Brnovich says age-old abortion law is ‘back in force’

Ever since Roe v. Wade Overturned Friday by the United States Supreme Court, Arizona abortion providers are plunged into legal uncertainty. Many clinics have closed their doors pending clarification of the legality of the procedure in the state.

On Wednesday, Arizona Attorney General Mark Brnovich said in a statement that he believes an 1864 law that is still on the books is now enforceable — which had been unclear in the days since. roe was undone. This territorial era law is essentially a total ban on abortions in the state.

Brnovich’s word is not yet the last word. The 1864 Act is currently blocked by a court order. But the reason for that order was the 1973 Roe v. Wade decision. “We will soon ask the court to lift the injunction,” Brnovich vowed on Wednesday.

These legal questions will now be tested in the courts. But with the Arizona Attorney General’s office in favor of enforcing the 1864 law, the sweeping abortion ban that proponents feared would return to Arizona may soon be the law of the land.

The law, ARS 13-3603, makes abortion illegal at any stage of pregnancy, with no exception for rape or incest cases. Any abortion provider — including anyone who “provides” a woman with abortion medication or “procures” such a woman to take abortion medication — would face a mandatory two- to five-year prison term.

Even before Wednesday’s announcement, and amid the uncertainty, eight of the nine licensed abortion clinics stopped offering the procedure.

Other laws have so far made this picture even more complicated. This spring, when? roe was still in effect, Governor Doug Ducey signed a 15-week abortion ban law. This law prohibits abortion until after 15 weeks, except in medical emergencies. It is expected to come into effect in about three months.

In Brnovich’s statement on Wednesday, he clarified that the 15-week ban does not replace the territorial law. “Our office has concluded that the Arizona legislature has made clear its intentions regarding abortion laws,” Brnovich wrote. the pre-roe law “will not be repealed” once the 15-week ban goes into effect.

Arizona State Senator Nancy Barto, a Republican representing northern Phoenix and other parts of the valley, was one of the main authors of the 15-week ban. She has said her intention was to ensure that the 15-week ban would preserve the 1864 Act. However, Ducey disagrees. When Ducey signed it, he said he expected the 15-week ban, not the old law, to go into effect if the Supreme Court were overturned. Roe.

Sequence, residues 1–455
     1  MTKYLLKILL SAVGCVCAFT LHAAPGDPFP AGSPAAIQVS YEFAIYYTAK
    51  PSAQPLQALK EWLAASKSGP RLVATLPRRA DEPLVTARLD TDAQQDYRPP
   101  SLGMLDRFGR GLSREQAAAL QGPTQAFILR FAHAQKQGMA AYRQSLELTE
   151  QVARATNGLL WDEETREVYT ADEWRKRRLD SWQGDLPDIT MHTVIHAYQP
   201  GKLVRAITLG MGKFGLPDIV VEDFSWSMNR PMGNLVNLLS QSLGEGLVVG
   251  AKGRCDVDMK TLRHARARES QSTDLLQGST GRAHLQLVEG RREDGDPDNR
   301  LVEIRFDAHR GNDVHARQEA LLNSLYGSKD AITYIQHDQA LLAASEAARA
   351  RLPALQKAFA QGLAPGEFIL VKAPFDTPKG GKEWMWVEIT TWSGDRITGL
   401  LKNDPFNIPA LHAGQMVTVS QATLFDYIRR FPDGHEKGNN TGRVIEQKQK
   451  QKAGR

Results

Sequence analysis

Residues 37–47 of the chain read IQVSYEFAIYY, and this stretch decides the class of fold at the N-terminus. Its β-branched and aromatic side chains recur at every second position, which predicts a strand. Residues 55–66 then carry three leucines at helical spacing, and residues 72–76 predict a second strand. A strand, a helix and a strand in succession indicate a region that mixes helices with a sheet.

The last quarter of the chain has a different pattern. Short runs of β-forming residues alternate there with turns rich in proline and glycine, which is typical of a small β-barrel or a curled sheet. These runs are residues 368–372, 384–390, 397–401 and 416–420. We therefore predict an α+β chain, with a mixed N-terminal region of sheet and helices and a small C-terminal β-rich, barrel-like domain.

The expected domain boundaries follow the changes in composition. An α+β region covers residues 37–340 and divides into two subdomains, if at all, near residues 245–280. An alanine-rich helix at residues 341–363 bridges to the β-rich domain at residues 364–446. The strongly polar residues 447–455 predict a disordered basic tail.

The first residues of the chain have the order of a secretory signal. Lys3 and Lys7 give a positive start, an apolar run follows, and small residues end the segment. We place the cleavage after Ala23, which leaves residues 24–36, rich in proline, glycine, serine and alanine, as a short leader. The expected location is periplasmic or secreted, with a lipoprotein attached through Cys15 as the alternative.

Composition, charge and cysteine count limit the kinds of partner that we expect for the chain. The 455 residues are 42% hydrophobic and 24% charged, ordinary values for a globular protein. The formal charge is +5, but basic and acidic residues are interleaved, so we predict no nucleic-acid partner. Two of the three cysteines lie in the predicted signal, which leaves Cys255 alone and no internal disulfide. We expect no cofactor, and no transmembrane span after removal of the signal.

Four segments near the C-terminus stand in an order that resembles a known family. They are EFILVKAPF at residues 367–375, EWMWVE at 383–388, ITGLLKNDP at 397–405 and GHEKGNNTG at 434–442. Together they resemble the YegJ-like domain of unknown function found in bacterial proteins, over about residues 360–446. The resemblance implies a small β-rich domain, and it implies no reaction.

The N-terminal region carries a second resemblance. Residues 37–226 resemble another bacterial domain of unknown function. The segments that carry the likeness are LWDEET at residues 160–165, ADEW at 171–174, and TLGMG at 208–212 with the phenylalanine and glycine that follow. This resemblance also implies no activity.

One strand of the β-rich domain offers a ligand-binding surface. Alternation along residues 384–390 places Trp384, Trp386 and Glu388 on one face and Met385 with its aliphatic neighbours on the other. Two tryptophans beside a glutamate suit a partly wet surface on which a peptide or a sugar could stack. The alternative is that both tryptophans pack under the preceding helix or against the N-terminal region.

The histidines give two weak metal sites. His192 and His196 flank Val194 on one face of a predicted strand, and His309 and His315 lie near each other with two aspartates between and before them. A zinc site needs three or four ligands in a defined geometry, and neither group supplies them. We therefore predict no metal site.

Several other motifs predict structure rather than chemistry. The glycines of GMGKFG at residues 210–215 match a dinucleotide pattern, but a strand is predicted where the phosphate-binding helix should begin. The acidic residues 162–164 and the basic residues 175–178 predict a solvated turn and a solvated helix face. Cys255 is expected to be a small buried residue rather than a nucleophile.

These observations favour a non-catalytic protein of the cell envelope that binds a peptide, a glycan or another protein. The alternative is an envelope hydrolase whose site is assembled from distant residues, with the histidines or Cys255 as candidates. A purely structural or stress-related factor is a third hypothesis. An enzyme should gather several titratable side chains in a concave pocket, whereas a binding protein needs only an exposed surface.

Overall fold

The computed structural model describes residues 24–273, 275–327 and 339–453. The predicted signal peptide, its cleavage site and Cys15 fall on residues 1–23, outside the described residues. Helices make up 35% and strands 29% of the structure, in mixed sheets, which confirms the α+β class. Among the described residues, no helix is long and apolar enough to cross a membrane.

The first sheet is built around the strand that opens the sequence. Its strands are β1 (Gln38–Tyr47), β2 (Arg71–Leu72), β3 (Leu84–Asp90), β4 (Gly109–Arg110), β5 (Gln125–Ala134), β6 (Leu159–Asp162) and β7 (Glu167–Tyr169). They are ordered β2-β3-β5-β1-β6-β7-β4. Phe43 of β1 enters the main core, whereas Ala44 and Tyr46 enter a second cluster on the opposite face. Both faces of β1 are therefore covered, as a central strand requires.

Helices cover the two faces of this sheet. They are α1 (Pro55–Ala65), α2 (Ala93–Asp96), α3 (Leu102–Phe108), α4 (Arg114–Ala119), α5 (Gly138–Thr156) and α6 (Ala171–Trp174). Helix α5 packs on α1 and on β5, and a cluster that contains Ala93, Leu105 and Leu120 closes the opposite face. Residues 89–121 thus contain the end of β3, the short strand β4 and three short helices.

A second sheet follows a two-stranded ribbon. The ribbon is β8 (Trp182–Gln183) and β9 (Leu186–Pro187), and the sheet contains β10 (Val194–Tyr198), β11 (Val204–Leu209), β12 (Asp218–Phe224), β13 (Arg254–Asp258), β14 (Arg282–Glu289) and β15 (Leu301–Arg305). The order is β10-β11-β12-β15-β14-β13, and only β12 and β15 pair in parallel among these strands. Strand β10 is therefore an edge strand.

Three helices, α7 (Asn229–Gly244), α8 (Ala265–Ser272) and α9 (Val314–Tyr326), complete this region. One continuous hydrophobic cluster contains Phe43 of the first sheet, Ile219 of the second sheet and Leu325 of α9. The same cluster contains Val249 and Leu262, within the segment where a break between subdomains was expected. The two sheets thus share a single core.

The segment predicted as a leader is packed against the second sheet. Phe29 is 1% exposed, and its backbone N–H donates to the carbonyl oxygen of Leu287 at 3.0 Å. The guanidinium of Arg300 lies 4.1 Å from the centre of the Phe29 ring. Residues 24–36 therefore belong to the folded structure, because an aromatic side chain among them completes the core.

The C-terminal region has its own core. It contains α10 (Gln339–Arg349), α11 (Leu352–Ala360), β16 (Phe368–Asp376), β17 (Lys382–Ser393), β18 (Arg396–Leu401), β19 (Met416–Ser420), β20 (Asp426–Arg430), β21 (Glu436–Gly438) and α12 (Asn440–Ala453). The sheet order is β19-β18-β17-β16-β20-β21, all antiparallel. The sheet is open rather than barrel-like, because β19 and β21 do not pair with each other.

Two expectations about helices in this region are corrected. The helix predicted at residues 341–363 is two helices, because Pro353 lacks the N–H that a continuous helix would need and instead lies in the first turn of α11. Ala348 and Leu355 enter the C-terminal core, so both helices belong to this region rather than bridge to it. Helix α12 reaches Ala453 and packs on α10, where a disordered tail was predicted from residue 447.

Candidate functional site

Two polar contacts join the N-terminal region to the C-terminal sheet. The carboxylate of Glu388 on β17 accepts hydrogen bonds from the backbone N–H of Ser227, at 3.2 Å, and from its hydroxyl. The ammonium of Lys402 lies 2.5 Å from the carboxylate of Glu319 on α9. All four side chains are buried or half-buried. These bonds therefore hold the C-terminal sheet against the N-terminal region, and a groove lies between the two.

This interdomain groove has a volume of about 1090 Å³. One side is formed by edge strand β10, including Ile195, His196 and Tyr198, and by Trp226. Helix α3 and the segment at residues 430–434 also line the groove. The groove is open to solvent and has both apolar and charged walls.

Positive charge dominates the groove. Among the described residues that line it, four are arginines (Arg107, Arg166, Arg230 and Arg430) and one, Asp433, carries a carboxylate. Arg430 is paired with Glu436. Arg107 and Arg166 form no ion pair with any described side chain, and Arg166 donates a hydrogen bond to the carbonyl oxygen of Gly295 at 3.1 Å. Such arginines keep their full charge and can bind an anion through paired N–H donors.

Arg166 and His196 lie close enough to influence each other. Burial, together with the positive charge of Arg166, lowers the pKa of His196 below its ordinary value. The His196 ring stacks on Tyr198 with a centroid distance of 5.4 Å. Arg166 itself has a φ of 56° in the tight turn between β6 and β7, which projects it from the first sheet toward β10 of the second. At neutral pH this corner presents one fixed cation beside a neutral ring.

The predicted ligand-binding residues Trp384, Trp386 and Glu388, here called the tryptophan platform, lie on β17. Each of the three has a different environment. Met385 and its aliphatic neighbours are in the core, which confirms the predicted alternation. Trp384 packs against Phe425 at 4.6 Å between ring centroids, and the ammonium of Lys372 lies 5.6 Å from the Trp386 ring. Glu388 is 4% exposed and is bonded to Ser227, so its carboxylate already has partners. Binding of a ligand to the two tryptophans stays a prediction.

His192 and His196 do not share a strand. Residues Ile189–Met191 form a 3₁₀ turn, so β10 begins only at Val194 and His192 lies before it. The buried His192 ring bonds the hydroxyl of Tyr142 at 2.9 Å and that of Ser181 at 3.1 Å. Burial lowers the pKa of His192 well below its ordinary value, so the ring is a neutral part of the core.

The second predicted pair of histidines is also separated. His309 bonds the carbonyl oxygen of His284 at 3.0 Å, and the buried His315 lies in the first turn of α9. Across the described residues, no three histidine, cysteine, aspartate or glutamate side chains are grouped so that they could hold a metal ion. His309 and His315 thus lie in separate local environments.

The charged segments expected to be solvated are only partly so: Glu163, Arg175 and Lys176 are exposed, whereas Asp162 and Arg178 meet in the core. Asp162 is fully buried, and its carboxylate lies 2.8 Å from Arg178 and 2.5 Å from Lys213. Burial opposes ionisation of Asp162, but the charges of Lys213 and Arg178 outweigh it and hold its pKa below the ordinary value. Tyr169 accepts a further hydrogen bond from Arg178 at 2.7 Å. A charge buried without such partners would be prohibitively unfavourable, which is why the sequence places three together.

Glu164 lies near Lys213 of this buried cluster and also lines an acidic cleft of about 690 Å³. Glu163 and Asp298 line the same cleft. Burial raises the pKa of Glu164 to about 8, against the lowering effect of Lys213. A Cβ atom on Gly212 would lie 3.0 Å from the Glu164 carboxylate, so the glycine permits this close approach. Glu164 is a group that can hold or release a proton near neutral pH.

Asked about this at a press conference on Friday, Barto said, “Governor Ducey signed SB1164” [the 15-week ban]which includes the language that causes the underlying pre-Roe under these circumstances, the law is still in effect.”

Meanwhile, Arizona’s American Civil Liberties Union is filing a lawsuit to prevent enforcement of a separate “fetal personality” law signed in 2021. This law states that every fetus is given full personality rights from the moment of conception – meaning that every law that applies to a person or child also applies to a fetus. Of roe gone, it opens the door to possible persecution of women who undergo abortions.

The ACLU filed a lawsuit on behalf of abortion physician Paul Isaacson in Phoenix, arguing that the law was “unconstitutionally vague as applied to abortion” and put him and “possibly his patients” at risk of criminal charges.

The ACLU filed suit on Saturday, the day after roe was overthrown. So far, it’s unclear whether it will be successful in challenging this law — or whether other abortion rights advocates will succeed in the inevitable challenges of the abortion ban in other Arizona.

To do that, they’ll have to face Brnovich and his office.

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